Speaking English Professionally #2: Video Conference

Lecture notes from Georgia Tech’s “Speak English Professionally” course. Here’s the Part 1

Just looking through it won’t give you much. Please try to find and participate in some online hangouts.

Video Conferencing

It’s pretty much the same as talking with a group of people in real life. Here are some important points:

  • Respect other participants
  • Watch how long you speak
  • Be sure everyone has a turn
  • When you are not speaking, turn off your mic
  • Remain attentive – look engaged and friendly

Group discussion language

There’s no such thing as a curated list of words you have to use in a group discussion. But here are some recommendations for you:

  1. To Agree – Just nodding would be fine in my opinion.
    • Yes, I agree
    • It looks good to me
    • I definitely agree
    • I think so, too
  2. To disagree – You can always politely disagree and continue the conversation in a positive way
    • I’m afraid I don’t agree
    • I’m sorry, but I don’t agree
    • That’s interesting. But I’d prefer something different
    • Actually, I disagree
  3. To clarify – It’s crucial that you follow what’s going on in the conversation. It’s better to ask than to let the discussion go on without understanding
    • Excuse me, I didn’t hear that. Could say it again?
    • I’m sorry, I missed what you just said. Could you repeat that please?
    • I’m sorry, Could you explain that again?
    • Excuse me, could you tell me what that means?
  4. To say that you understand – After you asked for clarification, now it’s time for you to turn your attention into the speaker. Look at his/her eyes and gently nod as he/she speaks.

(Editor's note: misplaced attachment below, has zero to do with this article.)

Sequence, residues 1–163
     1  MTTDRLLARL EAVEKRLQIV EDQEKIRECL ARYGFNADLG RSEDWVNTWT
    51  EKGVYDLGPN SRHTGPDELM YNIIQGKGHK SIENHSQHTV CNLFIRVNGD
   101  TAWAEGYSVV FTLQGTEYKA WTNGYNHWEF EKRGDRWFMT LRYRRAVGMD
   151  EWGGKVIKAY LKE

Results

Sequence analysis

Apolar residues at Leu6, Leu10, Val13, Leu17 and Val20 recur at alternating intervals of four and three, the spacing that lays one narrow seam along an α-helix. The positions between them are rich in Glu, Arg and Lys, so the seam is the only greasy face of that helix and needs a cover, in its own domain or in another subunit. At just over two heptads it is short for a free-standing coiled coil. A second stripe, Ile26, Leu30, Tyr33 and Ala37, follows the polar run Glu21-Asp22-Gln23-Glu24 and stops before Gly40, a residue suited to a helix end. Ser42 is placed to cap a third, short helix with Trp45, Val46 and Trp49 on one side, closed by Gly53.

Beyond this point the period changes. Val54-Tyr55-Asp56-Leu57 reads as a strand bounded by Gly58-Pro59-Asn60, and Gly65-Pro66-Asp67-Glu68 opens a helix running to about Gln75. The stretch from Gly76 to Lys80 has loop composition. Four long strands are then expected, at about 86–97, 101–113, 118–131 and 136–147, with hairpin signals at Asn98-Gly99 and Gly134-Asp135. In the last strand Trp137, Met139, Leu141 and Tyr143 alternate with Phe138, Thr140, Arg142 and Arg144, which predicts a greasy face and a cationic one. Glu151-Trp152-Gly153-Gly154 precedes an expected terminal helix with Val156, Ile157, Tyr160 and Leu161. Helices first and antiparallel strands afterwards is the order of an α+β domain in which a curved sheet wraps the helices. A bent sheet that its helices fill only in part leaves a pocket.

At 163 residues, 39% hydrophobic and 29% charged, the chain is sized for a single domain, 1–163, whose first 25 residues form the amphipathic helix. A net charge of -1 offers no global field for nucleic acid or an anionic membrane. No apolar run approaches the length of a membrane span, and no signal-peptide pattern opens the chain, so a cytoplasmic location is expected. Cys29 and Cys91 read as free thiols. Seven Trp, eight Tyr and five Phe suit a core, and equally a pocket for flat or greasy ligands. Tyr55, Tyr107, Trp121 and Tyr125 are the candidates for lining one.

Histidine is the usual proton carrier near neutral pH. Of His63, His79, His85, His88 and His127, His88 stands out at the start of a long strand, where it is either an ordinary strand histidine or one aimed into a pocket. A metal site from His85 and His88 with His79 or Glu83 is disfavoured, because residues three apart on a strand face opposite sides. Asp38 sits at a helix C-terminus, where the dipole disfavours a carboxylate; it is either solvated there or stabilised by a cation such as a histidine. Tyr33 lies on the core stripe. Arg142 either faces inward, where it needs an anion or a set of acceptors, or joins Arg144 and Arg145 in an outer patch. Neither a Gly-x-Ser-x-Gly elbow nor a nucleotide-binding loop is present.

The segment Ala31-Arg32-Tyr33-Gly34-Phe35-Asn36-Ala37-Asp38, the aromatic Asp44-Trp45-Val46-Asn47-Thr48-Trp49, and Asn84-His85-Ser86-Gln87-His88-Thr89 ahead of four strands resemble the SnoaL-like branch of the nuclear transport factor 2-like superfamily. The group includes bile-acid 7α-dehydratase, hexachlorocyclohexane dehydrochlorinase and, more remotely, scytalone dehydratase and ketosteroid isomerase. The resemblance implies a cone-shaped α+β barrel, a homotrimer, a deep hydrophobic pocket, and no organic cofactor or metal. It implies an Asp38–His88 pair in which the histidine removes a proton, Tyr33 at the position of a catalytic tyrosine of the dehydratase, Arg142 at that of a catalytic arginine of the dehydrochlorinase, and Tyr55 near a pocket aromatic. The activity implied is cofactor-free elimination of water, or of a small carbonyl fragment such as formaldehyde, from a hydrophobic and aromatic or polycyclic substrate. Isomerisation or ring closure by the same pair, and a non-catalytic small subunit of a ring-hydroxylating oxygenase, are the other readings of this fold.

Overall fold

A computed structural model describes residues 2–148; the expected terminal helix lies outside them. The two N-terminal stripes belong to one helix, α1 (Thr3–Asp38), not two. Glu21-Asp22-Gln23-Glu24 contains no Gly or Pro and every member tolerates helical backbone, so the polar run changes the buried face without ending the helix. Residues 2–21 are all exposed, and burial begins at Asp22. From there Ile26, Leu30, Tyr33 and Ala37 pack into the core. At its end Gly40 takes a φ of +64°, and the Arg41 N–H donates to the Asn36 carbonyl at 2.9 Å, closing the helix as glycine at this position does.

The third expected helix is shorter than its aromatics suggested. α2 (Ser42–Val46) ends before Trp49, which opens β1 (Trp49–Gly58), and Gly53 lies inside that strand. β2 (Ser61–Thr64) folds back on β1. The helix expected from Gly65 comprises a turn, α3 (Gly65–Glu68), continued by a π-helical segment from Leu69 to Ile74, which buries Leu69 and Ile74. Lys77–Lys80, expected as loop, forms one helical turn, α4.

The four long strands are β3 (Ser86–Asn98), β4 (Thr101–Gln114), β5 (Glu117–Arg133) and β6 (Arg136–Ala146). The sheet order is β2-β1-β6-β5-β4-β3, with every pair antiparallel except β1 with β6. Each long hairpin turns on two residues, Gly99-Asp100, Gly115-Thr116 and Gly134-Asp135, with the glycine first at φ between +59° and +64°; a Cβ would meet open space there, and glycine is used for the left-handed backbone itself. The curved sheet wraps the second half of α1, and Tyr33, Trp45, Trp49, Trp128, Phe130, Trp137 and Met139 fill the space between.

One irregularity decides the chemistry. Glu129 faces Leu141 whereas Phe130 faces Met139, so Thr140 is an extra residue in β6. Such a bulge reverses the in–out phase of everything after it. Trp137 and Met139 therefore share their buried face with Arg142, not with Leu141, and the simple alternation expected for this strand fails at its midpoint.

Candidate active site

• Thanks, now I get it.
    • Thank you, it’s a lot clearer for me now.
    • Restate what you’ve just heard
  5. To make a contribution –
    • Excuse me. Can I say something here?
    • Could I interrupt you for a minute?
    • Sorry to interrupt, but I’d like to say something here.
  6. To include others
    • So, what do you think?
    • Can you give me your thoughts on this?
    • Do you agree?
    • What’s your opinion?
  7. To show interest – Be curious. Then you can find a glimpse of fun in almost everything
    • That’s interesting
    • Really?
    • I see.
  8. To invite others to discussion
    • So, what do you think?
    • Can you give me your thoughts on this?
    • What’s your opinion?
  9. To check connection issues
    • Excuse me, can you still hear us?
    • Excuse me, are we still connected?
    • Is there a problem with your connection?
  10. To leave the meeting all of a sudden
    • I have to leave now for another appointment, I’m sorry.
    • I’m very sorry. I’ll have to continue this discussion at a later date.
    • Excuse me, something important has just come up, and I have to leave. I’ll be in touch very soon.

Cultural Considerations

In Mongolia, it’s really common to hear yourself addressed as ‘bro’, ‘sis’ or ‘my brother’  by complete strangers. So common, it found its way into our corporate culture. But addressing someone with titles such Mr or Ms is considered extremely formal…

In your culture, how do you address other people?

  • By using titles such as Mr. Ms. Dr., etc.
  • By their first name such as John, Chris. (In most western countries, people use this.)

If you’re not sure about how to address, just use Sir or Madam.

When should you smile? 

Whether you should smile and look directly into their eyes or looking more formal and serious is entirely dependent upon the situation. If the people you are talking to are close to you and you know them well, you should be more relaxed. If it’s the first time you’re talking to, it should be more formal.

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